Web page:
Sean McNall and Amelia Pedlow. Photo: Al Foote III

            Mr. Staller’s direction keeps the energy level turned up, the dialogue well articulated, and the relationships clear. Now and then, he highlights a moment by altering the lights and bringing in a bit of music. Scene changes are performed choreographically by the actors to tuneful music, and one sequence has the irrepressible Dolly and Phil perform a period dance to cover the shift. There is also a sweetly staged curtain call, with a popping champagne bottle (courtesy of the waiter) to boot.

            Shaw’s plays usually require multiple sets with an abundance of furniture and furbelows, but Off Broadway companies with limited budgets must use their imaginations to find ways around his detailed requirements. Set designer Harry Feiner, for instance, places the first act dentist’s office far downstage in front of a painted drop so that he can then provide acts two through four with a more substantial, if simplified, scenic arrangement. I would have liked the sets to be more vividly colored, especially the one of the outdoors hotel terrace adjoining the beach, where the blandly painted sky is a muddy blue-green; in general, the sets are mildly pretty in a utilitarian sort of way. Barbara Bell’s very nice period costumes add much to the proceedings, and Stephen Petrilli’s lighting, while unobtrusive, adds some noteworthy touches when certain moments are chosen for romantic underlining. M.L. Dogg’s sound design includes lighthearted period music to further enhance the 1890s ambience.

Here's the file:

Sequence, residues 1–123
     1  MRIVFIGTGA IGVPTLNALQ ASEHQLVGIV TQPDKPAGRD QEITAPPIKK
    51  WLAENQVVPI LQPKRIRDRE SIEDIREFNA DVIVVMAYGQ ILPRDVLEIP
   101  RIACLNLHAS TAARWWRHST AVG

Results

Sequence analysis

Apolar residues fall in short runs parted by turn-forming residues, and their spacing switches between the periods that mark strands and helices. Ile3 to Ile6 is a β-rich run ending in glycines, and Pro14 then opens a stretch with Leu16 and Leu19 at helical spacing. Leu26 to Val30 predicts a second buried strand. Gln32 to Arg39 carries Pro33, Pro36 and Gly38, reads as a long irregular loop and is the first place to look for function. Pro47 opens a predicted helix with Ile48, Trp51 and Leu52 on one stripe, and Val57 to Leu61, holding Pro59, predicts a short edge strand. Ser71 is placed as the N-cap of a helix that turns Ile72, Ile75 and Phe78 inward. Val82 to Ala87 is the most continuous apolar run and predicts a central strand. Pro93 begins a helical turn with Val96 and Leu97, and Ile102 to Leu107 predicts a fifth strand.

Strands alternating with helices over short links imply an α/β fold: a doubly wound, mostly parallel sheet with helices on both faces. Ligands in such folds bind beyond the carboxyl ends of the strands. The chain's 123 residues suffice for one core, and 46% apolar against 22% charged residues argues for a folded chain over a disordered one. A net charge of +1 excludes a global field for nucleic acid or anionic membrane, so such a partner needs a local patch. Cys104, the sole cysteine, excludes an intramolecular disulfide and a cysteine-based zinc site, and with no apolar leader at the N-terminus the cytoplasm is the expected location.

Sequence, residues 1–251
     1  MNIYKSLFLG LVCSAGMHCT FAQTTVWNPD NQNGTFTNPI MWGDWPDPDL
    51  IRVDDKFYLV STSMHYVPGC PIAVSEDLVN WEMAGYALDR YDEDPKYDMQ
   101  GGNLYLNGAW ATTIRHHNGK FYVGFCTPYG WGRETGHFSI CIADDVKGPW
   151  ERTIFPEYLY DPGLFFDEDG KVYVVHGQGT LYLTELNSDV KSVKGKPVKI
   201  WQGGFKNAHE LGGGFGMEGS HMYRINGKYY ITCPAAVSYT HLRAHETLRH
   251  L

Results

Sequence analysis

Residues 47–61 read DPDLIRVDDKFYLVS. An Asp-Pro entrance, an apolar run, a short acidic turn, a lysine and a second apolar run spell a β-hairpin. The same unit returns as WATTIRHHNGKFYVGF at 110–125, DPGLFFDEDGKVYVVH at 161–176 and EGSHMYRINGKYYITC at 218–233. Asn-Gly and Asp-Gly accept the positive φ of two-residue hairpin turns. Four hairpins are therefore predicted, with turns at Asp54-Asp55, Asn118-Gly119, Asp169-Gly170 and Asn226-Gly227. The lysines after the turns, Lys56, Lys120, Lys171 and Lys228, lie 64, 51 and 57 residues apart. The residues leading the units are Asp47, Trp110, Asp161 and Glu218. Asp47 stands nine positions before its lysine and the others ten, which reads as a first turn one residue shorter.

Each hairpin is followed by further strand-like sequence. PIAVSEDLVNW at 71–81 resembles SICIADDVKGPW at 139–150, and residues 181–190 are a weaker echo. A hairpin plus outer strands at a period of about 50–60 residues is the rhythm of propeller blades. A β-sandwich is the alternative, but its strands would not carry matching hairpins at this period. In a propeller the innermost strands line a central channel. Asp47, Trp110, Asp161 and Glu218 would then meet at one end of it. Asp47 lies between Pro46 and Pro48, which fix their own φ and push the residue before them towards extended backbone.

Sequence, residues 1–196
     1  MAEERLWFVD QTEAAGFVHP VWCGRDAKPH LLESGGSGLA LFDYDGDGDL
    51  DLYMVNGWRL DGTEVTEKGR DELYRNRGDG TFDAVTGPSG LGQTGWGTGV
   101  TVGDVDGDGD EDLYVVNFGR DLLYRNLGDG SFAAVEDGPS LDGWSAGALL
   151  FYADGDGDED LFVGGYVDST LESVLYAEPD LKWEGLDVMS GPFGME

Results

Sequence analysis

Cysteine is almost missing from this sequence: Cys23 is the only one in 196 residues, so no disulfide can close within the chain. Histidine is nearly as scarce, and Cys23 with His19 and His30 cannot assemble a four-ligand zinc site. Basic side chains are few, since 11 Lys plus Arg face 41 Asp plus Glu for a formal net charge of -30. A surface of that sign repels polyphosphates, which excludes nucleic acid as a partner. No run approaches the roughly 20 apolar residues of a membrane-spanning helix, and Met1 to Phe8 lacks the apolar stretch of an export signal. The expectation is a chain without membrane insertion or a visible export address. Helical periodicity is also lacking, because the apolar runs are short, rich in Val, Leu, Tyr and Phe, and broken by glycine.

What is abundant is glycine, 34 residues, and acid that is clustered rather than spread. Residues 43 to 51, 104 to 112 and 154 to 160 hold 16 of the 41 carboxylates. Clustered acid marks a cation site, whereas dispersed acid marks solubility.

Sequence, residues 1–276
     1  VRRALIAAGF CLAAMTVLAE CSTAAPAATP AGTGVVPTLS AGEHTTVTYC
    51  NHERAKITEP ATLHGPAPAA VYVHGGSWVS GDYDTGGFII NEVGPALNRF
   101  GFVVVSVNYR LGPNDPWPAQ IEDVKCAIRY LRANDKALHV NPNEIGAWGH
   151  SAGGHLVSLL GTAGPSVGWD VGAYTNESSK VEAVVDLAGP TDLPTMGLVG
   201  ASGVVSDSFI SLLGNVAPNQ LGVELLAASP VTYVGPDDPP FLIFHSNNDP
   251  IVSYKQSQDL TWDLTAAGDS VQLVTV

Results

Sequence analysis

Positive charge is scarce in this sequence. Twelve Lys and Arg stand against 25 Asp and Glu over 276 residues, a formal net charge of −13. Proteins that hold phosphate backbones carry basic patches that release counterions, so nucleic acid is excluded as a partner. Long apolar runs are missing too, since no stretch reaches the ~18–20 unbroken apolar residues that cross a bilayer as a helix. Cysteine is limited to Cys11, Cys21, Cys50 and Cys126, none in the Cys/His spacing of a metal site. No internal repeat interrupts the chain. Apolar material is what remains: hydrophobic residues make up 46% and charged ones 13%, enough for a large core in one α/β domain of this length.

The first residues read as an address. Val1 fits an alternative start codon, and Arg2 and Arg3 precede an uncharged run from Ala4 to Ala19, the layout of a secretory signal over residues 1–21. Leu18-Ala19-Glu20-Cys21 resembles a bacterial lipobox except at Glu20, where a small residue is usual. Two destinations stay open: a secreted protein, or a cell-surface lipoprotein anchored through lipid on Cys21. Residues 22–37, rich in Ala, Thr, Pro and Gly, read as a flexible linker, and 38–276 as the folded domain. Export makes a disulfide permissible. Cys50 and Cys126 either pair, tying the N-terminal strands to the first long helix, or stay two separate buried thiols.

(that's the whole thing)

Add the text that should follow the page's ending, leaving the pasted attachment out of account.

Robin Leslie Brown. Photo: Al Foote III